7. I am probably more of a A response kind of person, adding comments to at least a few blogs each month (sometimes I go weeks without catching up on blog posts, and then blitz through catching up with them all in a week or so).

    I agree with Mel, in that I generally only add a comment if I have something (usually positive) to say. I am more likely to ReTweet something than comment on a blog though.

    The thread of the post + comments has definitely given me food for thought though πŸ˜‰ Glad that you & JdeR both made the effort to comment. #challenge

    • On a related note – are one sentence comments frowned upon? Would you be upset if someone left a one-liner on your post saying something like: “I enjoyed this post; thank you.”? Would you feel that they should have written more or not bothered? Or would you enjoy the feedback and knowledge that one person was impacted by your post? Hmmm – lots of food for thought πŸ™‚ Just thought I’d chuck that out there as a few people have noted that they feel they would need to say more in a comment. Thanks everyone for all your comments, btw; it’s great hearing so many different points of view!

  8. I’m in the camp that says only comment if you feel moved to. If it’s a one-liner just for the sake of commenting, I wouldn’t do it. I feel exhausted just thinking about responding in writing to everything I read! But as a blogger I know it’s great to get comments. I don’t believe they always have to been kind either – bring on the devil’s advocates and the comments that make me question my beliefs.That’s how we grow in our thinking. By the way, love your blog! Mine’s here (shameless plug for new blog to follow…)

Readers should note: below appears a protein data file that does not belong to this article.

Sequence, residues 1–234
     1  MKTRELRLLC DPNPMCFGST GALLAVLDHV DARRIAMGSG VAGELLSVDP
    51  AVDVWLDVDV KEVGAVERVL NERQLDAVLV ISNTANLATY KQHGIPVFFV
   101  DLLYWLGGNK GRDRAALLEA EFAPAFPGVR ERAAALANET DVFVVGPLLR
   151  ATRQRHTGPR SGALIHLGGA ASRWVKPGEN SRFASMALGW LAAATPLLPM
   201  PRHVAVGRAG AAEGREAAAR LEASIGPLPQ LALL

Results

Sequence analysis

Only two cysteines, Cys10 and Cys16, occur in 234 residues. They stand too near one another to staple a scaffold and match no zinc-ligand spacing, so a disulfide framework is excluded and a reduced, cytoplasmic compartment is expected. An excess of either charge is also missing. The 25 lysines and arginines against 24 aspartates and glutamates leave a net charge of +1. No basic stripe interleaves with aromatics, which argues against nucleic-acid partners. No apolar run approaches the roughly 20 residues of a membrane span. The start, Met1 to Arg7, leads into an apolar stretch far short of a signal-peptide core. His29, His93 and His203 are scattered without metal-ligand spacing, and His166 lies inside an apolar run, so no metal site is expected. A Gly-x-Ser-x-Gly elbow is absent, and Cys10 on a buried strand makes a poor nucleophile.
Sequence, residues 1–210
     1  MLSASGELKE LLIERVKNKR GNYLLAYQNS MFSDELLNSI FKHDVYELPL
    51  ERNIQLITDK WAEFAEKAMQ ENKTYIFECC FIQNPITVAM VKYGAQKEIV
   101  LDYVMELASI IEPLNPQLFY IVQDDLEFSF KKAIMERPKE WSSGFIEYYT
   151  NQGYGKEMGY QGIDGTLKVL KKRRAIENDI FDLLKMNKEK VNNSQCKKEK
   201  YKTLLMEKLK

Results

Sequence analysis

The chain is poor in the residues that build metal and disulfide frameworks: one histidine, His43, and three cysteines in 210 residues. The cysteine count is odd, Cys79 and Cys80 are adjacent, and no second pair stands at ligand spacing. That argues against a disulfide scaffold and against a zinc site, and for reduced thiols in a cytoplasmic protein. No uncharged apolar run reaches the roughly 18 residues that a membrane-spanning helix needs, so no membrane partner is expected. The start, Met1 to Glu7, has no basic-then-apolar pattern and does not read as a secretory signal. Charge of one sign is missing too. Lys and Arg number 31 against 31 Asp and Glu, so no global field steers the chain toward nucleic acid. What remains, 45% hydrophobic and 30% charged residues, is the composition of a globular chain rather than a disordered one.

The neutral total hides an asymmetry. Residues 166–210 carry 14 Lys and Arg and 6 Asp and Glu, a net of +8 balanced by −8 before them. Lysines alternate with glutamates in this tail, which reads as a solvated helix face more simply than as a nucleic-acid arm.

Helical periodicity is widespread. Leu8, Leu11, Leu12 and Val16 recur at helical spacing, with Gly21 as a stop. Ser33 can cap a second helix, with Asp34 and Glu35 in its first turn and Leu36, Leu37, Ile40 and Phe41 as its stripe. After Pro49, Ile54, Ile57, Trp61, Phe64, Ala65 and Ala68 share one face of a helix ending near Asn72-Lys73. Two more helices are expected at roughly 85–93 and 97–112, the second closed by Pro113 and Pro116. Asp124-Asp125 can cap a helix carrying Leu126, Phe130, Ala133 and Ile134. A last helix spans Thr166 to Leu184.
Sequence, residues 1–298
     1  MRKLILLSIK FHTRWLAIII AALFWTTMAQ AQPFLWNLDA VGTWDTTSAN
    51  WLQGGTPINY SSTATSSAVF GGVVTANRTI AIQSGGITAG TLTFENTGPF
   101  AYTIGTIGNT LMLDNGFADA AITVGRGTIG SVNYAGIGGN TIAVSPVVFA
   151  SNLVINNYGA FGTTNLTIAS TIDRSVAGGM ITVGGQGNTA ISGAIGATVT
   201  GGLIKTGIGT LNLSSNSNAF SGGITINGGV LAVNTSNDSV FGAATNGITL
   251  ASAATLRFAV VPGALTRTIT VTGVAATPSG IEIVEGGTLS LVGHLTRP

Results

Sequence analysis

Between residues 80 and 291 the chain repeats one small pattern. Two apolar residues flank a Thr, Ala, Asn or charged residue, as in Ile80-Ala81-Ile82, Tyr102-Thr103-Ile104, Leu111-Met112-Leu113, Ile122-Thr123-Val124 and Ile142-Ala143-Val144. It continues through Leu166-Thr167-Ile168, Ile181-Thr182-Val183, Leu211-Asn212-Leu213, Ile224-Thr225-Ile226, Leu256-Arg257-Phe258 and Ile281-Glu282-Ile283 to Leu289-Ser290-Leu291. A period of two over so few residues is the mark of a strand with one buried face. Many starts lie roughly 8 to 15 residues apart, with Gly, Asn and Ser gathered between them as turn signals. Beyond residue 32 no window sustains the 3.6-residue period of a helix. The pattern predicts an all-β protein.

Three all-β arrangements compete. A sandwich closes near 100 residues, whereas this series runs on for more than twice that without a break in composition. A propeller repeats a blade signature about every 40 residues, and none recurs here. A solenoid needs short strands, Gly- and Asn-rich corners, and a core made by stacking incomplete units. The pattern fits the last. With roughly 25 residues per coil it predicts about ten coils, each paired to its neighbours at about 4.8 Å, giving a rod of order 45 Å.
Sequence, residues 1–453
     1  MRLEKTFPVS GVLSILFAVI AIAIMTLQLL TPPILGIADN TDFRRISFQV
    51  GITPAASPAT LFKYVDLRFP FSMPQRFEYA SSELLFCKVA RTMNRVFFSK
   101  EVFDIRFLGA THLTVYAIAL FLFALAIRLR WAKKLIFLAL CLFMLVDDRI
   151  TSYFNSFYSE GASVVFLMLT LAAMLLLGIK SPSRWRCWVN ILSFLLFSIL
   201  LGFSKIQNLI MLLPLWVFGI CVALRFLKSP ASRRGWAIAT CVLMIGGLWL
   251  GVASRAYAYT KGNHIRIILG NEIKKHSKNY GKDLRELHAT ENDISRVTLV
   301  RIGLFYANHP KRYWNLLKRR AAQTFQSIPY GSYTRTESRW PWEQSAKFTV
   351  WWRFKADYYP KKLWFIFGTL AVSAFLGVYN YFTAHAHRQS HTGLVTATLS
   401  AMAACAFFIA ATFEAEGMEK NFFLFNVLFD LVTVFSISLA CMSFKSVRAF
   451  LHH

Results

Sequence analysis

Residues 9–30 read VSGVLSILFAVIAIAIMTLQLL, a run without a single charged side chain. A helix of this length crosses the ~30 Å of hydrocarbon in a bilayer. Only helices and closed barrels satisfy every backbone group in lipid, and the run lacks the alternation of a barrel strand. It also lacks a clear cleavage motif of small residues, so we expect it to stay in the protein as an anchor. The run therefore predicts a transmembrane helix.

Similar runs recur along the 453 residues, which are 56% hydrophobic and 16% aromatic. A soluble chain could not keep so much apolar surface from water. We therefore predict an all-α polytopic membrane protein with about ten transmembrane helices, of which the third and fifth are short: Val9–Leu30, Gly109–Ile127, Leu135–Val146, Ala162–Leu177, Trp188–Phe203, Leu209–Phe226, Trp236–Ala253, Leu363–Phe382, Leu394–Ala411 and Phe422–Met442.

9. Aaargh! Trying to be a ‘non-lurker’ but having issues commenting on Blogger! Why can’t I just log in through Twitter like with this blog?

  10. I tend to leave a reply or post, mostly keep it short unless it is something I’m really passionate about or feel strongly about then it could be more detailed.
    I think some people might be more comfortable with the blogging format than others, but I do think we need to encourage you to post if something inspires you or makes you think; even just a quick line to show that you read it and appreciated it As Abigail said it makes us bloggers feel good and what we are doing is worth the effort and time. Kim

  11. As a colleague just said to me it’s a time factor she like to read well but doesn’t have time to reply on all blogs etc that she reads. Also she has a problem of remembering her password LOL:)

  12. There are many technosocial design issues involved in commenting. I think we should study what motivates/inhibits people, and which systems work better and why. There is fierce and increasing competition for any user’s attention and expressions; what makes Twitter, Facebook, HuffPo, Disqus, etc. more successful?

  13. mostly it’s because I am over awed by the amazingness of the post or the other comments and think what me…and simply scoopit or share it with others. Your solution to always place a comment if you share it is I think the best solution for me, and guess what ? I am now commenting too! cheers

  14. Love this post and all the comments! We have a blog with multiple writers, some of whom get discouraged by the lack of comments. I try to reassure them that people are reading, even if they’re not always commenting. This totally reinforces that!

    I am guilty of lurking on most of the blogs I follow. I usually just tweet,, or bookmark the good stuff… mostly because while I appreciate the content, I don’t always have much to add. This is a good reminder to me that we all appreciate feedback and I should make a better effort to comment.